When asked about the role that libraries could play in the information seeking behavior of gaming users the interviewee was unsure. We spoke briefly about some books that were being produced about Minecraft gameplay (one example found here), but there was a concern about how up to date this information would be. Video games often receive regularly scheduled updates called patches, which often involve new content or changes to the way old content works (as seen in this infographic about the evolution of Minecraft). I think this is important to address. The landscape of gaming is changing. Video games are no longer static. As mentioned in the documentary Minecraft: A Story of Mojang, once a game is created today you can expect developers to patch, fix, and update content regularly, which often changes the entire game completely. Minecraft is even more complex because users can also modify (mod) the game (meaning create their own content for the game). A popular mod for Minecraft was called Technic. Technic was designed by users which allows them to create complex machinery in game that does not come with the base Minecraft experience. Users can download and play these mods, switch to new mods and revert to the original Minecraft game so quickly that published books cannot keep up with the evolution of the game. Web 2.0 allows for instant publication of materials within seconds of changes going live.

When asked what role the library could play in fostering a gaming community there was a very positive reaction. My interviewee thought the idea of bringing gaming to the library was an interesting idea. The collaborative potential of having people in the same room sharing ideas in person was something that interested them. The idea of the library as a space for collaboration is a key area worth exploring. Libraries need to evolve to stay relevant. In Aaron Schmidt’s guest lecture for week 7, he argues that by copying emerging trends libraries will always be one step behind, never ahead. By embracing new ways of thinking, libraries can evolve to meet the growing needs of its users and they can do this by identifying and learning who its users are. Instead of fighting change, libraries must embrace it. Schmidt (2015) argues that instead of shouting at its users, libraries must instead listen. This is the foundation to providing a good user experience.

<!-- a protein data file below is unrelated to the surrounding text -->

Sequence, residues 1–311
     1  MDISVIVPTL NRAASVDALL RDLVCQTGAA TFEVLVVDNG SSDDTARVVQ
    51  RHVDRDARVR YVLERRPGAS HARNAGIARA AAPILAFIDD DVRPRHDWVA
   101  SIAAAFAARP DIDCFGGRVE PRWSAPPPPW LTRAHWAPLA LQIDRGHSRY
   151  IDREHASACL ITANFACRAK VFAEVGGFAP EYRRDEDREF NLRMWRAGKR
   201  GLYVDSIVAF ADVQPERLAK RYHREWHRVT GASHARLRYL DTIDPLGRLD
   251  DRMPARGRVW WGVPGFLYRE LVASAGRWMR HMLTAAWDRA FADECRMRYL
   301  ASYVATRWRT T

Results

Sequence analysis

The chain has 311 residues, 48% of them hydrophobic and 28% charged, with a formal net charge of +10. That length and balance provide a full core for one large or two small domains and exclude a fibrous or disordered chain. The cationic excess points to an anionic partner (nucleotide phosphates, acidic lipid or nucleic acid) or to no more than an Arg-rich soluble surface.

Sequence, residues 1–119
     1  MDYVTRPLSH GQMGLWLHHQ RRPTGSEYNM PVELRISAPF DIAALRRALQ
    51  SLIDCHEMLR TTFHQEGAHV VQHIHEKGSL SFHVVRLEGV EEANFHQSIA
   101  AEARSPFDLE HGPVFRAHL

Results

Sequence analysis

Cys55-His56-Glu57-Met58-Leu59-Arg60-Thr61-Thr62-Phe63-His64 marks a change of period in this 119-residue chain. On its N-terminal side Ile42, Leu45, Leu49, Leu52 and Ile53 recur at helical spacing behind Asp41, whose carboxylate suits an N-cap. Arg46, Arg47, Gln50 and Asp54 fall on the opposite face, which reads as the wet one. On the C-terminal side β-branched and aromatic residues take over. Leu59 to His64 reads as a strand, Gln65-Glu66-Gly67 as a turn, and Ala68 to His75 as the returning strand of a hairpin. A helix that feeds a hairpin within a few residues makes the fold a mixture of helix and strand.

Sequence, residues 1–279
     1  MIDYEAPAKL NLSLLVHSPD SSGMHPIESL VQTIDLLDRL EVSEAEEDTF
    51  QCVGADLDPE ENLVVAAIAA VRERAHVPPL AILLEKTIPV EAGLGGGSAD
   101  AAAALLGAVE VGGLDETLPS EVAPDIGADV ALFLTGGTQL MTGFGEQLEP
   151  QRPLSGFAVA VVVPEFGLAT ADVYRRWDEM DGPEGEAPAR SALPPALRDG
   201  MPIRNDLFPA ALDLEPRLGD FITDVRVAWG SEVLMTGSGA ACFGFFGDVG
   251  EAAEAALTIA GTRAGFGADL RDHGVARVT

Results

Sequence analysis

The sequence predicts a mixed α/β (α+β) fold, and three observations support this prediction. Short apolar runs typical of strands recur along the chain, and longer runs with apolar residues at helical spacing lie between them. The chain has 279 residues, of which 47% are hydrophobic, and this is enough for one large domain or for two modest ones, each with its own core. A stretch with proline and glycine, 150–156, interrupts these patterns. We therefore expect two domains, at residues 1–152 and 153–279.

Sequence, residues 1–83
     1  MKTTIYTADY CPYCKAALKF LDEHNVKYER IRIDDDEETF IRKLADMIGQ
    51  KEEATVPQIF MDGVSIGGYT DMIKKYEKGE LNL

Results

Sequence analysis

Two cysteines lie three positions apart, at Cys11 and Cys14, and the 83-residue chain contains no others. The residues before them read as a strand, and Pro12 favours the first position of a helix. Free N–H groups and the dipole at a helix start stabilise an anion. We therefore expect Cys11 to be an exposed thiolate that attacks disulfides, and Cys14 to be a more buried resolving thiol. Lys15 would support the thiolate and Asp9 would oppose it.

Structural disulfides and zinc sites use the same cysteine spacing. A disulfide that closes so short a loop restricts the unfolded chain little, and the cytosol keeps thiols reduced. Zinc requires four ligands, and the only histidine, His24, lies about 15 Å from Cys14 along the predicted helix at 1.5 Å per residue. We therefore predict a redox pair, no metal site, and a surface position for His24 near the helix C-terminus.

Overall, my interview with my community member confirmed the foundational research that I have already conducted. The information seeking behavior of the Minecraft community is built largely upon Web 2.0’s connectivity and the ease and quickness to produce content. When users are the experts and the information they are seeking is so quickly changing, the content created is invaluable.


Burnett, G. (2000). Information exchange in virtual communities: A typology. Information Research: An International Electronic Journal, 5, 82. Retrieved from

Flanagin, A. J., Hocevar, K. P., & Samahito, S. N. (2014). Connecting with the user-generated web: How group identification impacts online information sharing and evaluation. Information, Communication & Society, 17(6), 683-694. doi:10.1080/1369118X.2013.808361

Let’s Play (Video gaming). (n.d.). Retrieved from

Levering, P. (Producer), & Owens, P. (Director). (2012). Minecraft: the story of Mojang [motion picture]. USA: 2 Player Productions.

Schmidt, Aaron. [n.d.]. Aaron Schmidt User Experience Lecture [PDF document]. Retrieved from

2 thoughts on “Information Seeking Behavior, User Experience, and Community Member Interview for Minecraft”

    • Hello Benjamin,

      Thank you for sharing your thoughts. This is one of the best aspects of the MLIS program and the faculty at SJSU. Their openness and encouragement for students to pursue their own areas of interest make the program great. It’s quite funny how certain topics, like Minecraft, have a way of re-entering our lives. I found myself revisiting the game this past December after a lengthy hiatus. Moreover, it became a point of discussion once again at a recent conference I attended at the end of January. It’s fascinating how certain experiences can remain relevant and resurface in our professional conversations!